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Thank you G for being so teachable. May you shine brighter and make a bigger impact than me in the KOG.

 

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Thanks A, I really treasured those times spent with W385.. Thank you for being a mentor to me in so many ways.

 

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Thank you V for being there with me in spirit during this important day.

 

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Thank you E for being such a blessing to me.

 

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S, I appreciate your friendship. Keep in touch.

 

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Y, glad to have played a part in your life. You have gone so far, getting a job and academic certificate, and even graduating from SOT! I am so proud of you.

Standing With A Friend

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PHOTO: Reuel Eugene Tay

When we have our backs against the wall, it’s good to know that we have each other. Shoulder to shoulder, side by side, arm in arm, cheek to jowl. I got your back, my friend.

“If you have two friends in your lifetime, you’re lucky. If you have one good friend, you’re more than lucky.” – S. E. Hinton

This weekend’s bulletin is my favorite thus far. Thank you CHC Design and Foto team for all the amazing visuals all these months. You know who you are. 🙂

Introducing Kinfolk

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I was just browsing Kinokuniya few weeks back when I chanced upon this relatively new magazine; Kinfolk that hails from the States. i like the slogan of the magazine – A Guide For Small Gatherings. But what really caught my attention at the start was the images featured in the magazine. There’s something therapeutic about syncing two things; ice cream my true love and flowers into one picturesque treat. It’s an eye feast for me. But that’s not all. The writings on the mag is so intimate and full-of-heart. It seems as though they are writing to old friends, and I sure feel like an old friend reading the letters from the good people at Kinfolk. Kinfolk is a quarterly mag that caters to the young artists and food enthusiasts. Each (144 paged) magazine is packed with ‘lyrical essays, recipes, interviews, personal stories and practical tips with a keen attention to design and details’ and more. Some articles make you wanna get up and do something, some reminds you of things past, some make you crave for a particular food(and teaches you how to make it), it’s magic. And our folks at Kinfolk make it their mission to fill in the gap at newsstands, so you can be assured that every issue is quality and bang for your buck.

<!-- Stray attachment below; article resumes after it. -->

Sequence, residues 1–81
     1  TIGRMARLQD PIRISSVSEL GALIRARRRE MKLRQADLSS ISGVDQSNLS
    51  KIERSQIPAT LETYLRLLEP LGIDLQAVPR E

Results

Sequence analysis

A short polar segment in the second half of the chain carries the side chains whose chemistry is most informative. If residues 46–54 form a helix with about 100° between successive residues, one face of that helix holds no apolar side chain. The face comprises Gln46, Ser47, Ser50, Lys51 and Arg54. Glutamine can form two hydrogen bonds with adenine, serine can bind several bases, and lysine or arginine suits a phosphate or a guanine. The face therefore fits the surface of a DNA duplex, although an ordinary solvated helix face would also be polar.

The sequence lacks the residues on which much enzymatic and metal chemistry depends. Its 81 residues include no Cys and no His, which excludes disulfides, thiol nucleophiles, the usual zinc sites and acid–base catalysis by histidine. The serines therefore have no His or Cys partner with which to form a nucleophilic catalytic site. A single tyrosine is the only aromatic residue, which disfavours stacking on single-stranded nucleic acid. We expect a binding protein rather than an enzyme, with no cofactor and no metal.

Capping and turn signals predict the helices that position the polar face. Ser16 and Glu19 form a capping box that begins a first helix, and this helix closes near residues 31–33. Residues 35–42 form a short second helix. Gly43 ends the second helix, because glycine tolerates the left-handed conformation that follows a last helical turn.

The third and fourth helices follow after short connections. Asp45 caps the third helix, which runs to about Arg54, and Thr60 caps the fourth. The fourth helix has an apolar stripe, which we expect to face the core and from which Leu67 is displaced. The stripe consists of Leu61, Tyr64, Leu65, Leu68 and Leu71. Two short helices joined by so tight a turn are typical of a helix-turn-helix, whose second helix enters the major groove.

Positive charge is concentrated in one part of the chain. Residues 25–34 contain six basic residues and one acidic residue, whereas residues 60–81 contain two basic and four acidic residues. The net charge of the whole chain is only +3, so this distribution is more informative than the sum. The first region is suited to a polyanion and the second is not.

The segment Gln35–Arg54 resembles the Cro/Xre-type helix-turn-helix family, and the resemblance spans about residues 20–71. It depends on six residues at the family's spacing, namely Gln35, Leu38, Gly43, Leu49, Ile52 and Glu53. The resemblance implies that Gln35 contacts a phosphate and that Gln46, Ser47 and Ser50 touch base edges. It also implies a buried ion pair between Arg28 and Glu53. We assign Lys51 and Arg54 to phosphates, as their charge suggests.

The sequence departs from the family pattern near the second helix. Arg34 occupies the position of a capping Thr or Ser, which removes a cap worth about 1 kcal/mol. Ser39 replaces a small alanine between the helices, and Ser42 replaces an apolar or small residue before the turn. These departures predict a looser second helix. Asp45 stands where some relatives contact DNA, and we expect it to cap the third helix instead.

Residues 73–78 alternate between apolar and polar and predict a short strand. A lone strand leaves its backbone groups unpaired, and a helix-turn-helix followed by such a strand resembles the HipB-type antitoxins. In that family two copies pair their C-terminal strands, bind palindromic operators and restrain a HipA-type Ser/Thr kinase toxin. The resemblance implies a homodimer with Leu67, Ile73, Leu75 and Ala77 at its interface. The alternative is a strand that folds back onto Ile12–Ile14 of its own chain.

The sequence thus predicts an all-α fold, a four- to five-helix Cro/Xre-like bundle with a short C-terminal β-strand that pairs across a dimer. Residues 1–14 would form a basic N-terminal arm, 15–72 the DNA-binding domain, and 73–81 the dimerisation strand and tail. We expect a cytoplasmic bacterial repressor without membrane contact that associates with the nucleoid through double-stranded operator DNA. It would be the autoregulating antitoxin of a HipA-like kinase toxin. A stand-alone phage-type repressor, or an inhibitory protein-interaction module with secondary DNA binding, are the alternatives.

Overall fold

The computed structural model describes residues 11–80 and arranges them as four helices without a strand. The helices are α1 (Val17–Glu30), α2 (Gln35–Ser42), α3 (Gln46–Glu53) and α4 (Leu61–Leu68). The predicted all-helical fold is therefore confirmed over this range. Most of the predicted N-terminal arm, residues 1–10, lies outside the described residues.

Learn something new, do something different. Their writings is like poetry to me, I love every image and articles they have to feature. It’s actually quite hard to entice me with magazines because I have a very and I mean very, exclusive taste bud, only a select few have captured my attention thus far. Yet, I devoured Kinfolk in less than a week..! The price is pretty steep at SGD $30.98 (Kinokuniya), a total one up from the already expensive magazines I follow but hey, you got to pay for good content right? And what makes it even better is the contents are ‘evergreen’ (means you will still enjoy it five years later) and makes for good conversation and activities starter. Congrats Kinfolk, you got yourself a new follower. Oh I will quit talking and let the images do the talking. By the way, their next issue will be released June 4!

Other magazines I follow: Frankie (Australia)(SGD $15.90) // Oh Comely (UK)(SGD $17.90)